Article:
Replacement refs responsible for everything that's wrong in the world, including Gangnam Style

Jay Busbee

Don't know about you, but it was one hell of a football weekend for me. I started the pregame celebrating early: sub sandwiches and charcoal-grilled hot wings, a fine mix of rock-country-rap on the playlist, some fine bourbon alternating with aluminum-can beer. Not going to say I got a little sick in the grass before the game started, but not going to say I didn't, either.

And all the other parents at the kids' 8 a.m. flag football game looked at me strangely, but hell with 'em.

We're off!


Tempting as it may be to blame replacement refs for all the ills of this world – war, famine, pestilence, Gangnam Style – the NFL's coaches and players do a fine job of utterly screwing themselves, their teams and their fans all by themselves. Take, for instance, Detroit-Tennessee on Sunday, which wasn't so much a football game as a live-action version of two 9-year-olds trying to figure out how to play Madden '13.

The quick-and-dirty version: Despite losing QB Matt Stafford, the Lions scored twice in a final 18 seconds that included both a recovered onsides kick and a Hail Mary. Then, in overtime, down a field goal, the Lions decided on a halfhearted QB draw that actually turned out to be a mistaken draw-the-Titans-offsides attempt. The problem? It was fourth-and-1. No first down, game over, thanks for playing, Detroit.

Of course, overtime is not kind to Lions coaches. Recall Marty Mornhinweg, who in 2002 against the Bears decided to kick rather than receive in sudden-death … and lost the game when the Bears marched straight down to kick a field goal.

Coach Jim Schwartz blamed it on a "miscommunication," which is the perfect catchall workplace excuse if your workplace isn't made up of millionaires. "Miscommunication" is putting high-test coffee in the decaf pot at a restaurant (or, at least, that's the excuse I used to use), not blowing a winnable game after a ballsy effort by your entire team. Everyone involved in this debacle ought to get their annual physical performed by replacement refs.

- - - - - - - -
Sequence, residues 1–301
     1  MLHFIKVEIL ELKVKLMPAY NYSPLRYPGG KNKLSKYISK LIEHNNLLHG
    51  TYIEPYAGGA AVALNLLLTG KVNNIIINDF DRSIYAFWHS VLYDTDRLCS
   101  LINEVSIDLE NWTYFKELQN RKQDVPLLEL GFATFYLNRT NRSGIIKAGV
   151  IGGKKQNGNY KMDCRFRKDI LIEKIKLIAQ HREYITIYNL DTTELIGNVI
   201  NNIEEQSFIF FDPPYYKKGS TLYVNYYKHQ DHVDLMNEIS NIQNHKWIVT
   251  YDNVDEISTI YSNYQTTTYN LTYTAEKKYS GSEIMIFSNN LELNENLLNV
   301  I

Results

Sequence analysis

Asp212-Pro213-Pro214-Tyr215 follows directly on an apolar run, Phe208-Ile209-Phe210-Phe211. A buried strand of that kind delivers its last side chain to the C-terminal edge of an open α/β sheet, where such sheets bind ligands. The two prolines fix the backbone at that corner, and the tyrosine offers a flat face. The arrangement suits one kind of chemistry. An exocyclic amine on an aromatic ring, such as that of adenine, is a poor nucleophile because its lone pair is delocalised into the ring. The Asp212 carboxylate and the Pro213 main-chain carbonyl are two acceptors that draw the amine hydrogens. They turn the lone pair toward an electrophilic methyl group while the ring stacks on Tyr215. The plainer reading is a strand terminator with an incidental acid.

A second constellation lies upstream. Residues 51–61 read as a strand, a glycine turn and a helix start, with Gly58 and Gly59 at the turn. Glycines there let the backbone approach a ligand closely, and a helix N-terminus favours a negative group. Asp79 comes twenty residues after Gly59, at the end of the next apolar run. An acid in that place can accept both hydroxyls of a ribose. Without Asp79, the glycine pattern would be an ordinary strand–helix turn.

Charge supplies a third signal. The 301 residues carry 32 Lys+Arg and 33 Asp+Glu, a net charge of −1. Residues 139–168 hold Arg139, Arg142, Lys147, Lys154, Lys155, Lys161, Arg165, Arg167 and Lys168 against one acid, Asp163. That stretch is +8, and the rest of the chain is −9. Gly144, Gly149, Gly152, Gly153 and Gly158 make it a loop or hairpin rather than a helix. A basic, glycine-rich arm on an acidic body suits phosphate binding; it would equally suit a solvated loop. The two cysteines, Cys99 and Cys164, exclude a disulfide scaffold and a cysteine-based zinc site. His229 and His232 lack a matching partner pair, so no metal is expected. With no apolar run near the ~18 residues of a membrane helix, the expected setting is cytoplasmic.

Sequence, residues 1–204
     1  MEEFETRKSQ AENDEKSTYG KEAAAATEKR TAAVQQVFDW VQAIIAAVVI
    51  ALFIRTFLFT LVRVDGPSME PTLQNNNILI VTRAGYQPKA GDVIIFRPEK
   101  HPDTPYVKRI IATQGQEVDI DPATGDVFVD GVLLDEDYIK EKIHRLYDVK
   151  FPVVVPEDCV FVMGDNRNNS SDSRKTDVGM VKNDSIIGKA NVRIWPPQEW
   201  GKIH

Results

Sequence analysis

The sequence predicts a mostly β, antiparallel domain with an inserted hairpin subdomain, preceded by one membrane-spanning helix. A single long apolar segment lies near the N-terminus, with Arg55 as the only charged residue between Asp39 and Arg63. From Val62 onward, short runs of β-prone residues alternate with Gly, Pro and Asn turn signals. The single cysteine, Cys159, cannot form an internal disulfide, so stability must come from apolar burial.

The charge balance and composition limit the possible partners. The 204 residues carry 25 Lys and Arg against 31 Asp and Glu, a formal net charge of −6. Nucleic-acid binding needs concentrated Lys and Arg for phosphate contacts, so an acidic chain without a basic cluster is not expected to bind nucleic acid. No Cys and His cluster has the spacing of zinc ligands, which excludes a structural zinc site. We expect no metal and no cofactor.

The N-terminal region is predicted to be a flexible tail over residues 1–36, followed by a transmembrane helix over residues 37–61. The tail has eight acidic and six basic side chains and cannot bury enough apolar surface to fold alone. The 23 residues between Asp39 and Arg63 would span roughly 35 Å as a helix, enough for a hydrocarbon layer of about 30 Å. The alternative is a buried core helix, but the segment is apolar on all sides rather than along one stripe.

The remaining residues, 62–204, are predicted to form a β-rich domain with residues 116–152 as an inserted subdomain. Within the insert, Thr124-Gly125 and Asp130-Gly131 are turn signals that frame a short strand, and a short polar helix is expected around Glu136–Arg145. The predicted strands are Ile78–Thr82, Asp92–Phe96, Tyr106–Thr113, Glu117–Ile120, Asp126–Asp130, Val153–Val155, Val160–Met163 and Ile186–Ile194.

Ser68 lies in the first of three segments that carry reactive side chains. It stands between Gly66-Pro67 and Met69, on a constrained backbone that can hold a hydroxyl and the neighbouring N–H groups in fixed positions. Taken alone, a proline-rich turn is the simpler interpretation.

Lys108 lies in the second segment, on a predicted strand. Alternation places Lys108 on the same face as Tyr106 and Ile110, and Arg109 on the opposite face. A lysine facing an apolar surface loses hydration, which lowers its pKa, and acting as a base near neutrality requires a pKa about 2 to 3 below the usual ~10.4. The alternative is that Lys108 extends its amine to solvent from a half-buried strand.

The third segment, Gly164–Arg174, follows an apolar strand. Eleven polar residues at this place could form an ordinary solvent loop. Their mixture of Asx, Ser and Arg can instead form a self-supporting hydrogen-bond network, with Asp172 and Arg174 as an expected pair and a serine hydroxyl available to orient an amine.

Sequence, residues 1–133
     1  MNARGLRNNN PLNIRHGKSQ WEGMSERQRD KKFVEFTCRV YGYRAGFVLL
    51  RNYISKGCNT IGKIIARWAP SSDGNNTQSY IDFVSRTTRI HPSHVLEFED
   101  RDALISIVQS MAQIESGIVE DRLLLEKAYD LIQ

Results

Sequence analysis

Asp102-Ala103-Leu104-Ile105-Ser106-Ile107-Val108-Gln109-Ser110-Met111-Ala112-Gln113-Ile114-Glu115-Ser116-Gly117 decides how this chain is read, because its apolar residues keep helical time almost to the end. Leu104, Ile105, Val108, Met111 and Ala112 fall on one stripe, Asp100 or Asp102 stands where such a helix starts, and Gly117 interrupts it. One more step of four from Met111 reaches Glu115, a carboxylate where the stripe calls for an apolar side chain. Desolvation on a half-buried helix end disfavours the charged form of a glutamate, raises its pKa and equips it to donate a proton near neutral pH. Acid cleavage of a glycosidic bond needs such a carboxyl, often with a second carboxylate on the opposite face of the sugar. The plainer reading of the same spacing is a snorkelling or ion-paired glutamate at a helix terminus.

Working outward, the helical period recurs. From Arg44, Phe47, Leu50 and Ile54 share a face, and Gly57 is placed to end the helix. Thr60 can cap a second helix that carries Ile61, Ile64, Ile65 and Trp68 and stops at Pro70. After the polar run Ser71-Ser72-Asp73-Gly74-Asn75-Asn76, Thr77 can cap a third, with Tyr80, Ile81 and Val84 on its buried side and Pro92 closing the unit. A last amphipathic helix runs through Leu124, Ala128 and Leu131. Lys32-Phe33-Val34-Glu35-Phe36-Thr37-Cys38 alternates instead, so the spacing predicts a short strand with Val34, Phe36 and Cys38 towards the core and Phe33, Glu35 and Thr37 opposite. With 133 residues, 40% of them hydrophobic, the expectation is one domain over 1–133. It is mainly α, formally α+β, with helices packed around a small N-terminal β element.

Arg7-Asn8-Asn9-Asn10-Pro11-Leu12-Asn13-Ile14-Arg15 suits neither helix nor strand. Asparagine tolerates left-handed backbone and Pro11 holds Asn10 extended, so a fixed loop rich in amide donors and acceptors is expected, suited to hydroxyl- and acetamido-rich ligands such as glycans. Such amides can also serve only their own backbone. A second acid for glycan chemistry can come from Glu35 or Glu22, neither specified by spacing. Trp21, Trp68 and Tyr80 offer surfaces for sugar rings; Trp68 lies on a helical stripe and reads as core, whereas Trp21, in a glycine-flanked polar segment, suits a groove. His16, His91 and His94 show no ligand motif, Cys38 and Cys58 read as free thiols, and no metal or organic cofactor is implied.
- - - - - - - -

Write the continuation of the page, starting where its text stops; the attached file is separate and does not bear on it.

The college football season is like Catholicism in microcosm: commit grievous sin (lose early), repent and commit good deeds (run up the score on your remaining opponents), achieve forgiveness and play in a quality bowl game. (This scenario places the BCS in the position of the Almighty, which they probably see as a step down in prestige, but whatever.)

Anyway, this year we've already seen our share of on-field sins: losses by USC and Oklahoma, a should-count-as-a-loss narrow win by LSU, and the catastrophic Exorcist-level transgressions of three-loss Arkansas. Their only hope for salvation? It's still September, plenty of time for other teams ahead of them to get in trouble with their Maker … er, voters. (Except for Arkansas. Not even the Pope can help that friggin' defense.)

This handy little football-as-religion metaphor will vanish once we get a true playoff system. At that point, it won't be about impressing anybody and meeting arbitrary performance standards; it'll be about measurable, tangible, objective victory. Which, when you think about it, wouldn't be the worst way to determine who gets into Heaven: head-to-head matchups, one advances, one declines. My luck, I'd draw the lovable Betty White in the first round.


Let's take a moment to talk about cursed franchises. Sure, you've got your Cubs, your Bills and your Knicks, but my bid this year for the most brutally cursed franchise is the Pittsburgh Pirates. Here's a team that hasn't had a winning record in two decades, not since the Braves' Sid Bream slid past the outstretched, Hobbit-like arms of Mike Lavalliere in the 1992 National League Championship Series. (You can blame Barry Bonds for that play too, Pittsburgh fans. Look it up.)